SB 134 – Small Business Relief Tax Credit gives an income tax credit to small businesses that provide paid sick leave to their employees. This is the Governor’s initiative to help ease the burden the paid sick leave bill will have on small businesses. It applies to businesses with fewer than 15 employees. This tax credit has a cap of $5 million in FY 2019.
HB 70/SB 318 – Income Tax – Standard Deduction – Cost-of-Living Adjustments permanently raises the standard deduction and indexes it to inflation. This will save taxpayers up to $55.6 million in Fiscal 2019.
Public Safety/Crime Bills/Local Special Events Enforcement Bill
HB 291/SB 1131 – Criminal Law – Prohibitions, Prosecutions, and Corrections includes Governor Hogan’s initiative making it easier to prosecute high-volume drug dealers. The bill also adds fentanyl to the volume dealer drug. The legislation also increases the penalties for witness intimidation from 5 years to 10 years. SB 101 – Crimes of Violence, Expungement, and Drug Treatment now includes Governor Hogan’s initiative to eliminate parole eligibility for second-time violent offenders. The legislation also toughens sentences on the sexual abuse of a minor, and adds drug trafficking to the list of crimes that a person may not possess a firearm without a 5-year mandatory sentence. I supported and voted for both of these bills.
I joined with several of my colleagues on a bipartisan basis to cosponsor HB 301 – Repeat Sexual Predator Prevention Act of 2018 which was signed by the Governor as soon as it passed both houses of the General Assembly. This new law, which is effective July 1, 2018, authorizes a court to admit into evidence acts of “sexually assaultive behavior” committed by a defendant before or after the offense for which the defendant is currently being tried. This was an important priority bill for the Women’s Caucus, of which I am a member.
The Special Event Zones legislation, which was requested by the Mayor and Ocean City Town Council and local law enforcement, cleared both the House and Senate this session as an emergency bill in time for the upcoming major vehicle events scheduled this Spring. The bill authorizes the State Highway Administration, on its own or at the request of a local authority, to designate an area on a State highway as a “special event zone.” The designation allows speed limits to be reduced in the affected location as necessary for public safety. Penalties are increased for speeding and other violations in the zones while pedestrians are present. This important public safety bill gives our law enforcement the additional tools they need to control reckless, aggressive and dangerous driving during these major local motor events. The bill is a local bill and only applies to Worcester County. This bill was signed into law on April 24, 2018 and is already in effect.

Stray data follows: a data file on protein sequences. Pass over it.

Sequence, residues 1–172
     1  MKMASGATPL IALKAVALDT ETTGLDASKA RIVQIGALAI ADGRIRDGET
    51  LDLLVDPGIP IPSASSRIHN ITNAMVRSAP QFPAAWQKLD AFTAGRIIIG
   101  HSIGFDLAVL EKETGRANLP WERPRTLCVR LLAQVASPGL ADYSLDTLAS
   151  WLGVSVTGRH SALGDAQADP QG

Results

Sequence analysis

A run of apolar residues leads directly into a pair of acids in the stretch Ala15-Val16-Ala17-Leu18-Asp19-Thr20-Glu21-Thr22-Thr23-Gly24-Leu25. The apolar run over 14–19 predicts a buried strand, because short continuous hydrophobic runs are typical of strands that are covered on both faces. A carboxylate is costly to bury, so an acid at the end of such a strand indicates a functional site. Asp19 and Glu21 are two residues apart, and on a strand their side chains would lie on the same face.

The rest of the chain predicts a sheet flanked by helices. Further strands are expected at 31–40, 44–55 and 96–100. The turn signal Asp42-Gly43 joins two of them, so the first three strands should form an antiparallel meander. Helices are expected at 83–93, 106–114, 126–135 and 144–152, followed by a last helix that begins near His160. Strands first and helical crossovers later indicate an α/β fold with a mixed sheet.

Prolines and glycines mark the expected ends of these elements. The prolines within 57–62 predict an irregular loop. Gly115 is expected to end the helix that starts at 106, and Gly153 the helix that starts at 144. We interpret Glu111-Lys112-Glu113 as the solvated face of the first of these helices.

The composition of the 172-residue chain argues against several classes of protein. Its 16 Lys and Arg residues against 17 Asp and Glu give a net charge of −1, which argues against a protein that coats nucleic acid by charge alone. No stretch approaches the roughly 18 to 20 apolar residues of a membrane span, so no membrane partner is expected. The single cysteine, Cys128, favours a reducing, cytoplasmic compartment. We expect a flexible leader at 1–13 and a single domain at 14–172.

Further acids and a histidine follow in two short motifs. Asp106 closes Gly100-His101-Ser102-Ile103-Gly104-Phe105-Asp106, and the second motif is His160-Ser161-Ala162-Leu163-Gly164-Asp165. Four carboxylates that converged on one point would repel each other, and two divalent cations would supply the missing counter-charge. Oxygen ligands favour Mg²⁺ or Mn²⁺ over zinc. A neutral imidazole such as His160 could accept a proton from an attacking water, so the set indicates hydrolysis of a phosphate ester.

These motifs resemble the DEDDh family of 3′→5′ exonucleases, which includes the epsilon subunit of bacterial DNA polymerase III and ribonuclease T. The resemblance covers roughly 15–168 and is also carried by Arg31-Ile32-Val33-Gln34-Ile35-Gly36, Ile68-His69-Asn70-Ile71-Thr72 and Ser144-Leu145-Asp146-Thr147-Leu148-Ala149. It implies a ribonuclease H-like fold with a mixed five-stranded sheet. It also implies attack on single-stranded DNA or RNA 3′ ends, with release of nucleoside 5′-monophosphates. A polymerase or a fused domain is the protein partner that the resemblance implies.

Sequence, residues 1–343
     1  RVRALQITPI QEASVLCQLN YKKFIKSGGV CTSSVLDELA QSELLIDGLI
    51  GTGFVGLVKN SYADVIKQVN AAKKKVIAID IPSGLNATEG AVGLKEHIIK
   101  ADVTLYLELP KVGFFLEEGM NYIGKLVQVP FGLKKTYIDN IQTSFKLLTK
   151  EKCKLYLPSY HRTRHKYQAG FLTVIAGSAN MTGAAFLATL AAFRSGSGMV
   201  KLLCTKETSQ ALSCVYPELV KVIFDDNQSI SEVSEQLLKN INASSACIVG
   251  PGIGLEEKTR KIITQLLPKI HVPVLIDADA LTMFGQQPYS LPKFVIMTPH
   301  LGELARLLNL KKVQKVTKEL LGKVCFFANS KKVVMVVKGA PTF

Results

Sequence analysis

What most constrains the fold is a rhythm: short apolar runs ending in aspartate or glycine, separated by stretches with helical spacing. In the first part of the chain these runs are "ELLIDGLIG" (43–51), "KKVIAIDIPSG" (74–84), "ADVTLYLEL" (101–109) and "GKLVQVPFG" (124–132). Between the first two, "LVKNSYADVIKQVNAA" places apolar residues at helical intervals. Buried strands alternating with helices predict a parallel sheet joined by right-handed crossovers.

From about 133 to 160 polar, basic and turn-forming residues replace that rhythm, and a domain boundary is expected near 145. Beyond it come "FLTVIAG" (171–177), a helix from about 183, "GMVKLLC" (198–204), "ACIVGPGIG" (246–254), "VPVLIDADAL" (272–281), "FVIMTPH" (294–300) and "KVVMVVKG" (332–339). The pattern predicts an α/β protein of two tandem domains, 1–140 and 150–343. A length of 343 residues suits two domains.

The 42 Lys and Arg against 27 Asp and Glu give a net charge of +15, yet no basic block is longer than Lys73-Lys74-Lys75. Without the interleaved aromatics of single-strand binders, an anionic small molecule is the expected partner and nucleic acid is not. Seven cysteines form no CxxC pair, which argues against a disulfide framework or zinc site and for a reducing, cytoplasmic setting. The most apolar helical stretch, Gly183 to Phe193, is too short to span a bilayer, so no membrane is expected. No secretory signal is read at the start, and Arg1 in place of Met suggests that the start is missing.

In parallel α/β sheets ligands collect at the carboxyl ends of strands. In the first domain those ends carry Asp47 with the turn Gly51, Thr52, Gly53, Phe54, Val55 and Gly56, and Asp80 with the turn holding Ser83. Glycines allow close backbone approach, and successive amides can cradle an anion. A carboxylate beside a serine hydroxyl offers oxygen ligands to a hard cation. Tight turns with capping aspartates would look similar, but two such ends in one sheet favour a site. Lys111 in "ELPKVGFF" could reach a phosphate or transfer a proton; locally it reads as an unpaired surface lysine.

To protect Maryland’s Shore, I cosponsored legislation to oppose the proposed National Outer Continental Shelf Oil and Gas Leasing Program (HJ 13) and voted for the Offshore Drilling Liability Act which holds those engaged in an offshore drilling activity strictly liable for damages for any injury, death, or loss to a person or property that is caused by oil or gas spill in the federal outer continental shelf (OCS) waters.
SB 675 – Humane Adoption of Companion Animals Used in Research Act of 2018, known as the “Beagle bill,” would help find adoptive homes for animals no longer used in animal testing. It would require labs using dogs or cats as test subjects to establish a list of organizations that would take animals from the research facility and offer them up for adoption. I am proud cosponsor of this bill. It was passed unanimously by both the House and Senate.
HB 1662 – The “No More Puppy and Kitten Mills Act of 2018” will prohibit retail stores from selling dogs or cats obtained from puppy or kitten mills. These animals are often bred and kept in horrific conditions and the bill’s intention is to stop pet stores from selling animals acquired from such operations. This bill also passed the House and Senate.
Veterans - Passed in the Nick of Time
At 11:59 pm on Sine Die, legislation to increase the participation of veteran-owned businesses in State procurement passed the Maryland General Assembly. The passage of SB 1165, Procurement – Veteran-Owned Small Business Enterprise Participation – brings my work in support of veterans full circle. Back in 2015, my first year as a Member of the House of Delegates, I sponsored HB 243, which increased the State’s veteran-owned business set-aside goal from .05 percent to 1 percent.
The legislation I sponsored this year builds on that 2015 bill by allowing the Maryland Department of Veterans Affairs to verify the status of the business owner seeking certification as a veteran-owned business for the State’s program. It also allows for the Governor’s Office of Small, Minority and Women Business Affairs to be the agency responsible for ensuring oversight, training and compliance for the State agencies to meet the 1 percent goal. This bill will help increase the number of veteran-owned businesses doing business with the State. This legislation was signed into law by Governor Hogan on May 15, 2018.
For the past four sessions, it has been an honor to work for you in the Maryland General Assembly. I am grateful to all who have shared their views and insights on the priorities of Maryland’s Eastern Shore. I encourage you to stay in contact with me at Marybeth.Carozza@house.state.md.us or www.marybethcarozza.com. I look forward to seeing you back home.
Mary Beth Carozza